MacMahon said Sustainalytics (which is owned by Chicago-based Morningstar Inc.) devotes “considerable resources” to understand companies’ diversity and anti-discrimination programs, but data on workforce demographics across most companies is still missing. “From our perspective, that data isn’t reported widely enough or consistently enough for us to track it,” he said. “But I think that’s changing.”

Regulation also is encouraging greater disclosure. As of Jan. 1, 2020, public companies incorporated under the Canada Business Corporations Act (CBCA) are required to disclose their diversity policies and the composition of their boards and senior management. This, Thomas said, will provide fund managers with more consistent data when comparing companies.

However, the CBCA measure is limited, as many large publicly traded companies are incorporated provincially, rather than under the CBCA. Thomas said SHARE has been lobbying provincial governments to adopt legislation that mimics the federal rules. In particular, he’s following up on the Ontario Capital Markets Modernization Taskforce’s recommendation to require issuers to set diversity targets.

The Canadian Securities Administrators have also launched consultations on “broader diversity” disclosures among corporate directors and executive officers.

In the meantime, asset managers are engaging with companies to get the required data. Lisa Hayles, an investment manager with Trillium Asset Management LLC, a socially responsible investing firm based in Boston, said her team sent a survey about racial equity strategies to 300 companies on Trillium’s buy list this year. The team ranked companies from 1–4 based on their responses, and gave zeros to the 20% of companies that didn’t reply. She and her team are now “working out how this can be used in our fundamental analysis going forward,” she said.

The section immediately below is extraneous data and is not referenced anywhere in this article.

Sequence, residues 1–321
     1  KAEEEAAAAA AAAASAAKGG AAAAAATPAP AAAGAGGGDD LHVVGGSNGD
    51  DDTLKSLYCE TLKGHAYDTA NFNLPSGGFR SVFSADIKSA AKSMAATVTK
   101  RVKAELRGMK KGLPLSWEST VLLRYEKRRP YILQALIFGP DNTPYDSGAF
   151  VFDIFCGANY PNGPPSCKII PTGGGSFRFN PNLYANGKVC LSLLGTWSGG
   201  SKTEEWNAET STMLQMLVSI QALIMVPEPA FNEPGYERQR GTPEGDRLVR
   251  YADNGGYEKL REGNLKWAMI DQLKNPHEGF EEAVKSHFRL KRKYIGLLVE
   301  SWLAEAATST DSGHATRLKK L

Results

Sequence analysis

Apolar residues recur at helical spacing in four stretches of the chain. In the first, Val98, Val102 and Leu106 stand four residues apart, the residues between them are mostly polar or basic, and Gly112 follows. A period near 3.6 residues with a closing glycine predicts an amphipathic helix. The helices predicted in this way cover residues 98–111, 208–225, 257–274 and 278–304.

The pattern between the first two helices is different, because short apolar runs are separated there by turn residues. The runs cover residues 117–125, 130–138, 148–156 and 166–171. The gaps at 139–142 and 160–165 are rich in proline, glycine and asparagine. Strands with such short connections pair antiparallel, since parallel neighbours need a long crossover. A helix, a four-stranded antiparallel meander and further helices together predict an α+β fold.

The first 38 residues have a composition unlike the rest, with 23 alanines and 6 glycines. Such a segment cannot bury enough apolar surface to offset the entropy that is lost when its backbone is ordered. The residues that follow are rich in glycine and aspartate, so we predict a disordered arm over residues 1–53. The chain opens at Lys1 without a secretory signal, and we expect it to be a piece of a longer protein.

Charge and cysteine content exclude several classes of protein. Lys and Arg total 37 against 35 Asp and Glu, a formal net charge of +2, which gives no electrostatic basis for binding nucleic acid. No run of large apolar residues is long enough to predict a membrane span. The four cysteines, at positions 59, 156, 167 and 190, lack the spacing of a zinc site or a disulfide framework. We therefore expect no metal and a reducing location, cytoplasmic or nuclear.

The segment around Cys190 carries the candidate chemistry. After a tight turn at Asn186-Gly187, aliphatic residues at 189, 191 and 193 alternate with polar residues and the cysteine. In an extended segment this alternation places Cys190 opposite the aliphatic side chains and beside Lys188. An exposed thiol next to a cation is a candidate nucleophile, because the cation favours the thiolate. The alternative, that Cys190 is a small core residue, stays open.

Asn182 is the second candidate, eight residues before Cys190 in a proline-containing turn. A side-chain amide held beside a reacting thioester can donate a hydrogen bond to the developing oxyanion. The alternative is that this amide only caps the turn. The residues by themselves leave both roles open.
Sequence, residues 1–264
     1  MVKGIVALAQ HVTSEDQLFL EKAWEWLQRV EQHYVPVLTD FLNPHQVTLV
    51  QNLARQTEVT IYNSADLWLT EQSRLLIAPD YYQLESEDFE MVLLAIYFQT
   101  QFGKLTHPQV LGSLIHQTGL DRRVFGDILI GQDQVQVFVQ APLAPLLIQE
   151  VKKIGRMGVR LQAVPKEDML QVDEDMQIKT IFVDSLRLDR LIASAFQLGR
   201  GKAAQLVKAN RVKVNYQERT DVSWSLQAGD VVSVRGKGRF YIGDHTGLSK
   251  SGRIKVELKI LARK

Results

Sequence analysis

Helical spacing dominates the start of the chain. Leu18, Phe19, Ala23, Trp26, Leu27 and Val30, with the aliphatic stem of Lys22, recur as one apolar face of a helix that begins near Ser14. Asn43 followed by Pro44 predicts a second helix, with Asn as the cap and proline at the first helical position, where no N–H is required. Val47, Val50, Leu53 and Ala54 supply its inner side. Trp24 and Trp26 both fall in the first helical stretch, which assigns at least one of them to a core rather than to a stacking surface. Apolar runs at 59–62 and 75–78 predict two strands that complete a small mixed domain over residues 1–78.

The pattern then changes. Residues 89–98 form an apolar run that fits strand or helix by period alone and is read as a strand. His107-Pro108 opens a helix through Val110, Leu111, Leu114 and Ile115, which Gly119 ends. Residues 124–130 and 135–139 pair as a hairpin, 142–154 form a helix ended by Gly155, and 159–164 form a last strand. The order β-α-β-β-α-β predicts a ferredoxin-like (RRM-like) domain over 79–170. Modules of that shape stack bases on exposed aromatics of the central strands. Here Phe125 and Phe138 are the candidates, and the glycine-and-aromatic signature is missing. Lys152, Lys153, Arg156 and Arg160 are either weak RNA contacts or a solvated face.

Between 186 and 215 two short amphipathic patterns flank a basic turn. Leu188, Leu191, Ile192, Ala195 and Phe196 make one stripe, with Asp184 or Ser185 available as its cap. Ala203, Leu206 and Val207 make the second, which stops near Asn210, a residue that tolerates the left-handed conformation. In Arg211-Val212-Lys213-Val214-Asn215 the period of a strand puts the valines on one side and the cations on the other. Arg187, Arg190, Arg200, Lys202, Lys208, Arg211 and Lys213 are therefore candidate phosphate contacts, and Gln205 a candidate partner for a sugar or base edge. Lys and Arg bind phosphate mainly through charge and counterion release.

Shareholder proposals also could lead to better data. While activist investor showdowns with big oil companies have grabbed the headlines this proxy season, some proposals related to racial justice have also been successful. Shareholders of several large companies, including Wall Street giants, have called for racial audits. New York-based BlackRock Inc. is one of the few to agree to an audit.

“Many companies last summer made commitments around their products, services, makeup of their workforce, et cetera,” Hayles said. “The idea behind a racial equity audit is that a third party is brought in to assess what commitments you made, how much progress you made [and] how much further you have to go.”